How to Register
Email firstname.lastname@example.org with the words "register me" and you will receive dial-in information. Please register by November 8. We encourage you to make a donation to WATER. Thank you!
The Feminist Conversations in Religion are open to all. These hour-long live teleconferences highlight the latest issues addressed by WATER. In addition to the teleconferences, you can go to our website to listen to an audio version at your convenience.
18 October 2010
Faith leaders respond to Carl Paladino's divisive remarks
Mary E. Hunt of WATER contributed the following:
The last thing the governor's race in New York State needs is homophobic comments from anyone. While the Roman Catholic hierarchy will not step up to the plate on this one, let it be known that many Catholics consider homosexuality "an equally valid and successful opetion" for loving, committed, and generative relationship. Suggestions to the contrary reveal either ignorance of contemporary theological work, homo hatred, or both. Ample resources from Catholic social justice teachings prove that disrespect for human persons and their choices has no place in Catholic circles. The work of groups like Dignity, New Ways Ministry, Fortunate Families, Call to Action, and Women-Church Convergence is testimony to the fact that Catholicism can and should be inclusive, welcoming, and supportive of the variety of ways people choose to love, partner and generate families.Mission of the National Gay and Lesbian Task Force Foundation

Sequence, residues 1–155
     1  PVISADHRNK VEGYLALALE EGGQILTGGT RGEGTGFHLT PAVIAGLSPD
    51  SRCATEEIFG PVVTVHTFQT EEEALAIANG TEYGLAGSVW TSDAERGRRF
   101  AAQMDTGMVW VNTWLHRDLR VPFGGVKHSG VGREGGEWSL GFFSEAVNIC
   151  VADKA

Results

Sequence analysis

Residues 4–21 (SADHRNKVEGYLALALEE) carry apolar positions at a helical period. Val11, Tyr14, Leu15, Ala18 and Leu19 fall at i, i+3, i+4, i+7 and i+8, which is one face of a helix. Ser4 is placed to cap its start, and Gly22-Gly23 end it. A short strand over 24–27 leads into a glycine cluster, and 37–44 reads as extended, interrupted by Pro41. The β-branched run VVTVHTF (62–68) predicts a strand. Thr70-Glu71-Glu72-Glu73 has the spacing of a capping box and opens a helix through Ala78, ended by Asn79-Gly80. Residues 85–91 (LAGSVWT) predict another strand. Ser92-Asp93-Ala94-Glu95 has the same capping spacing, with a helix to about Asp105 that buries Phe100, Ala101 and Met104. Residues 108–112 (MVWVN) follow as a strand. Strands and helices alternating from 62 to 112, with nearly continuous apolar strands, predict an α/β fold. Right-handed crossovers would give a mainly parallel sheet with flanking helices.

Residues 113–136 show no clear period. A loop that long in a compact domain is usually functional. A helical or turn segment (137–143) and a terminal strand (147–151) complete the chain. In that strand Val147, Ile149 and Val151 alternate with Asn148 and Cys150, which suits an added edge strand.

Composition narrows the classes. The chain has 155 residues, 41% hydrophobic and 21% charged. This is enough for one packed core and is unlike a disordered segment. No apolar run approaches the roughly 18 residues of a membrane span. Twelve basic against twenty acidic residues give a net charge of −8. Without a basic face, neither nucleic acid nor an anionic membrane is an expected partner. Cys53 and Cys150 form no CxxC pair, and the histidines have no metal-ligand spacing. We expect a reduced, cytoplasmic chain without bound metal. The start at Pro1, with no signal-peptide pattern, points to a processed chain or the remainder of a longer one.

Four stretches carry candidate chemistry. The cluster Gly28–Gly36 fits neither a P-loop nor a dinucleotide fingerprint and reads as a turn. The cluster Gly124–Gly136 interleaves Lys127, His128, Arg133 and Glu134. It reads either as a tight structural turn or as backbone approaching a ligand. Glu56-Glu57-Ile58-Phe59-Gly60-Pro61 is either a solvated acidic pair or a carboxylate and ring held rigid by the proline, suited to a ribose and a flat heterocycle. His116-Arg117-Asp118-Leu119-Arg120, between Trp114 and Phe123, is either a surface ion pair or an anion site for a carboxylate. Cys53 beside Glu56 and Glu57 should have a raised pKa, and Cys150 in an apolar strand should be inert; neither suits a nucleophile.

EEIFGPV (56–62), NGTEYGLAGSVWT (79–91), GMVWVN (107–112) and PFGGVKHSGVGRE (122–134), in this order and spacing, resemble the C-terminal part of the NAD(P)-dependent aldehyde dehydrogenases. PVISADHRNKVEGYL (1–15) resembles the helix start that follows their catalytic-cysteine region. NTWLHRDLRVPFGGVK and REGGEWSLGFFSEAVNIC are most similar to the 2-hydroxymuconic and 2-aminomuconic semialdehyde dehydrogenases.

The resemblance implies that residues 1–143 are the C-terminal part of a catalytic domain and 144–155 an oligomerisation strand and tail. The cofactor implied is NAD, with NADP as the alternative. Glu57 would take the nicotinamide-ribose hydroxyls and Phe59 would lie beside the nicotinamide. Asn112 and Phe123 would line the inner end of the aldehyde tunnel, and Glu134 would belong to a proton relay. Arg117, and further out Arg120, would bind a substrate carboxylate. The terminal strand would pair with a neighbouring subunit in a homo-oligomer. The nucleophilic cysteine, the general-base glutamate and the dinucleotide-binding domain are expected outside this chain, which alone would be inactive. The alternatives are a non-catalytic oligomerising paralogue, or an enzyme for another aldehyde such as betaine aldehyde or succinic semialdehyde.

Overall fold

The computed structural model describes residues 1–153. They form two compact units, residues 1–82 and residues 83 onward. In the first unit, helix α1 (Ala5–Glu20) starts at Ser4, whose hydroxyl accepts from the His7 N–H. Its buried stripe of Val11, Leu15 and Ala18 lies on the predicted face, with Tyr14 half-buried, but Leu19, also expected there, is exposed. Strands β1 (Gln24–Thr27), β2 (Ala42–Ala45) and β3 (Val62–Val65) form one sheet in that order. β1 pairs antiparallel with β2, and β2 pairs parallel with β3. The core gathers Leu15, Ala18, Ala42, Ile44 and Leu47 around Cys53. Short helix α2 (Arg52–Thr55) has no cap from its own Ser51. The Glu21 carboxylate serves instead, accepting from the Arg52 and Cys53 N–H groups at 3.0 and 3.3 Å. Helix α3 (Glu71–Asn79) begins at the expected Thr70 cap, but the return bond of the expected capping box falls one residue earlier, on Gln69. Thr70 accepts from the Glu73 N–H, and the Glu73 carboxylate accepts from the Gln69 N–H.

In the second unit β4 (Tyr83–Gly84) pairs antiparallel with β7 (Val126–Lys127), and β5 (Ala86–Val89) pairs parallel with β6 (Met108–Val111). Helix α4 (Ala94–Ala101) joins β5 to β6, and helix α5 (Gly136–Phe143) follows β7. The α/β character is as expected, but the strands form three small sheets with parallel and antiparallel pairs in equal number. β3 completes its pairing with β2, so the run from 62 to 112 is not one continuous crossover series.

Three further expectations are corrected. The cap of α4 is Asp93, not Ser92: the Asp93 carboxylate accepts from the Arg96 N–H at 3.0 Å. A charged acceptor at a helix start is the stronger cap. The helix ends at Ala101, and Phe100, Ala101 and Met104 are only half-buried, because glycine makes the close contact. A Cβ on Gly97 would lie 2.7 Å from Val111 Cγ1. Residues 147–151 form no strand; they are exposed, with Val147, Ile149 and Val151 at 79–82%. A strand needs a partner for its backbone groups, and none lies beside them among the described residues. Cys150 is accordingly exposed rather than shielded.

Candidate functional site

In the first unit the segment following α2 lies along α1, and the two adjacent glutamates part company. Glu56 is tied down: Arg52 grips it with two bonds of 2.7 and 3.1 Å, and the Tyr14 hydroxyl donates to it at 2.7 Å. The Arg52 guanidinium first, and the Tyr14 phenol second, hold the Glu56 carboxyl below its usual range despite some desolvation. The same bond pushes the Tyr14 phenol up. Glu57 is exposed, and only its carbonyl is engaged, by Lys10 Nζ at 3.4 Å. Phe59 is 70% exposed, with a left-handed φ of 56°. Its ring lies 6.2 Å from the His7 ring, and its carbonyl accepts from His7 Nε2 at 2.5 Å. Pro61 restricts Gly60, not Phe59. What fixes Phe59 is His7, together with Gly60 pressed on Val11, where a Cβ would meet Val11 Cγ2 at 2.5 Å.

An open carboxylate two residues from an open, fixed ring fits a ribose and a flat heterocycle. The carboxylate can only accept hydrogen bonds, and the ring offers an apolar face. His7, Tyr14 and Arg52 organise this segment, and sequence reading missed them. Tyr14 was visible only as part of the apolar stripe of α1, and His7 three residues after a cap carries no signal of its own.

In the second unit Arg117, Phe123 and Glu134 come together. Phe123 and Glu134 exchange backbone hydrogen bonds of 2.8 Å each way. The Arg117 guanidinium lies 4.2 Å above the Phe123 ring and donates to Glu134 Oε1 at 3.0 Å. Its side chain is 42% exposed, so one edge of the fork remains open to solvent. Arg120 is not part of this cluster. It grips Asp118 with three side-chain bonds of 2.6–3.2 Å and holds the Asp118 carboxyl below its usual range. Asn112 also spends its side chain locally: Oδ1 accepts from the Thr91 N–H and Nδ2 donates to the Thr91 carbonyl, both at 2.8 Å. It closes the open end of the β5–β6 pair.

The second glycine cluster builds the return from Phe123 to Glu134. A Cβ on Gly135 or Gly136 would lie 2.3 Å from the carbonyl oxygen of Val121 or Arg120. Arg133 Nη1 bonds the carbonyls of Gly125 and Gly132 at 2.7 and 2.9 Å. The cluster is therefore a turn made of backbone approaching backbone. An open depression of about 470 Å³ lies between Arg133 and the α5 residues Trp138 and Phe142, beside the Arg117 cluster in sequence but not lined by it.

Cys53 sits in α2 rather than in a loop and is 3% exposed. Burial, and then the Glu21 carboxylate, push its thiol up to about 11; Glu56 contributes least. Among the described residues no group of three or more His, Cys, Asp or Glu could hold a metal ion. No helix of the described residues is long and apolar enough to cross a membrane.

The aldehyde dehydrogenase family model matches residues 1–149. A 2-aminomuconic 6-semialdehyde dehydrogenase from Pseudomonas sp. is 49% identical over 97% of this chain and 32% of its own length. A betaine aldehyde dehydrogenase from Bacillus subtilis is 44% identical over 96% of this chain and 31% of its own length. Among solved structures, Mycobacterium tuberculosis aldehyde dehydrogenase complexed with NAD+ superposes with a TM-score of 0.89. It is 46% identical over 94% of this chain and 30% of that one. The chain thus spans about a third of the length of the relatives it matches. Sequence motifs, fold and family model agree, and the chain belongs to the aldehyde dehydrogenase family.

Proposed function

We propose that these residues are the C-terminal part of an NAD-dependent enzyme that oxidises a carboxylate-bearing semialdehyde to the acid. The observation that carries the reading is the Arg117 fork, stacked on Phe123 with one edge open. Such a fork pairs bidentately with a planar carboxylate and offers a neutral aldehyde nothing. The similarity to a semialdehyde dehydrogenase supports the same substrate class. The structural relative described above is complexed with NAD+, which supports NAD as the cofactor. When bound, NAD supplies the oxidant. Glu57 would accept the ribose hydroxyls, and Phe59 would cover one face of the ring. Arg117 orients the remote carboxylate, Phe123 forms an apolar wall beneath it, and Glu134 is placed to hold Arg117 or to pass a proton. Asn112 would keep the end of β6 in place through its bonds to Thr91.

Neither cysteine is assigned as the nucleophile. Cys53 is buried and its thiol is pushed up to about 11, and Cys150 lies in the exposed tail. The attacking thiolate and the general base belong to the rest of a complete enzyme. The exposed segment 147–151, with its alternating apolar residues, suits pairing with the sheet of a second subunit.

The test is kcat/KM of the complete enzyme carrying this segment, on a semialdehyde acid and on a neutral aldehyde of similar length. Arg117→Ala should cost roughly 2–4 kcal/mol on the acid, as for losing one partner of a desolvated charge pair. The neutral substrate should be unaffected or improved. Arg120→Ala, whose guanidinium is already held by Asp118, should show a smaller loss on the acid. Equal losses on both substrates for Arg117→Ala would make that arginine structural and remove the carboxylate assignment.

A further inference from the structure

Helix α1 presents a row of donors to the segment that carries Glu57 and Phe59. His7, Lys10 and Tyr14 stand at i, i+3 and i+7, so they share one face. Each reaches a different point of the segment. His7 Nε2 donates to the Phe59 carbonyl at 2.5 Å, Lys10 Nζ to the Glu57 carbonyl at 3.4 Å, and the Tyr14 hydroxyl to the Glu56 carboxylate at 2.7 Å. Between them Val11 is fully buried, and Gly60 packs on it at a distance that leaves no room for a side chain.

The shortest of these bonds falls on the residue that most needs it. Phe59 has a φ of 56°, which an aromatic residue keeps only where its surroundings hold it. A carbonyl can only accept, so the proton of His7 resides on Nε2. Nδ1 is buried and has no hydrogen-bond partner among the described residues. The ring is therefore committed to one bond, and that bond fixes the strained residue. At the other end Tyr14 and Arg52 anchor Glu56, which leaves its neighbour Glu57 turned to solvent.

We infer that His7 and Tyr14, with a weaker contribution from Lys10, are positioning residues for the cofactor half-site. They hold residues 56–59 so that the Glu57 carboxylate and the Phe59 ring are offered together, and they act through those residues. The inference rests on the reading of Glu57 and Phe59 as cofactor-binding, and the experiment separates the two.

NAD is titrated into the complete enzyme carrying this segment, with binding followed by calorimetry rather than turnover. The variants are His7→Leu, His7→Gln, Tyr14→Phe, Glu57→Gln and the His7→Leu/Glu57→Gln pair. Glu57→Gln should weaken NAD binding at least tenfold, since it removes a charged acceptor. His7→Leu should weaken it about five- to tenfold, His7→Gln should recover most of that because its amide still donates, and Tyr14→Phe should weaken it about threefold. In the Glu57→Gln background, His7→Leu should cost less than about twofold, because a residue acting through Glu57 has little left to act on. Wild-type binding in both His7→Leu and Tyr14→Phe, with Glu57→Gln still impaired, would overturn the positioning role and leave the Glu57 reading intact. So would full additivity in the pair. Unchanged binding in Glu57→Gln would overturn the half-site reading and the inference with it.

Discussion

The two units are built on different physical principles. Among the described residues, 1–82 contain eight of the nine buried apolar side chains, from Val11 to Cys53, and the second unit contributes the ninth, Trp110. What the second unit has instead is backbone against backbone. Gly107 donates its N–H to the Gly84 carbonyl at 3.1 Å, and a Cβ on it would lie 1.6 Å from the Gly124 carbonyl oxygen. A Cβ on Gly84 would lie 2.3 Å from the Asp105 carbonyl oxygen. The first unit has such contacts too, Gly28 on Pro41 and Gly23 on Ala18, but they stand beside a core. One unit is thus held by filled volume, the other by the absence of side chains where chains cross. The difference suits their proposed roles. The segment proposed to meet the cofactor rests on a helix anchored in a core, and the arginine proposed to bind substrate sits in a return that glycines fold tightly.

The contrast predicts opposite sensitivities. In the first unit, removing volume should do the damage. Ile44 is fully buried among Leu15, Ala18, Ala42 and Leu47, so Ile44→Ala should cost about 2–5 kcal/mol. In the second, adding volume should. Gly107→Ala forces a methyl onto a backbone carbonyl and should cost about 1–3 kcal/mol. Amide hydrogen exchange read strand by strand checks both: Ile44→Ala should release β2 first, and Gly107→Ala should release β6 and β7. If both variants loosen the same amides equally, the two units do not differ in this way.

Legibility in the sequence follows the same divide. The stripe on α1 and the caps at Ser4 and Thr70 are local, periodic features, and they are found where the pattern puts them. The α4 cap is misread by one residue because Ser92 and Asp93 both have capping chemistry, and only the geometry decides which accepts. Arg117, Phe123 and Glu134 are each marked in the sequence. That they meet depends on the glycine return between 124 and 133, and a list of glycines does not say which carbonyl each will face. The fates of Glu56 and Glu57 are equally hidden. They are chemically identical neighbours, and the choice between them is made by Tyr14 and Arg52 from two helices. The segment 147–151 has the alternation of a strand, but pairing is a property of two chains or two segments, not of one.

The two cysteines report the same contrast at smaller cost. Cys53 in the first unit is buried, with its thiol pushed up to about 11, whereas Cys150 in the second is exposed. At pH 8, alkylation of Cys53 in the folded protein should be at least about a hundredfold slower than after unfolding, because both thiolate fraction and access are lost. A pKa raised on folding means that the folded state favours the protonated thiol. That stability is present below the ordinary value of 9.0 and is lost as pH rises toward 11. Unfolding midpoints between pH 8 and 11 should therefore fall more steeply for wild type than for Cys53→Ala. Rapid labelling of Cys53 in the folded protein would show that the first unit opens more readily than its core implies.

From their website
The mission of the National Gay and Lesbian Task Force is to build the grassroots power of the lesbian, gay, bisexual and transgender (LGBT) community. We do this by training activists, equipping state and local organizations with the skills needed to organize broad-based campaigns to defeat anti-LGBT referenda and advance pro-LGBT legislation, and building the organizational capacity of our movement. Our Policy Institute, the movement’s premier think tank, provides research and policy analysis to support the struggle for complete equality and to counter right-wing lies. As part of a broader social justice movement, we work to create a nation that respects the diversity of human expression and identity and creates opportunity for all.
Stay Connected on Facebook with WATER and The National Gay and Lesbian Task Force!
01 August 2010
State of Belief
- Vickie Stangl, of the Great Plains chapter of Americans United for Separation of Church and State, on the secular invocation offered at a recent Wichita City Council meeting.
- Kathy Miller, the President and Executive Director of the Texas Freedom Network, on new polling data related to the controversy over the new social studies standards approved by the Texas State Board of Education.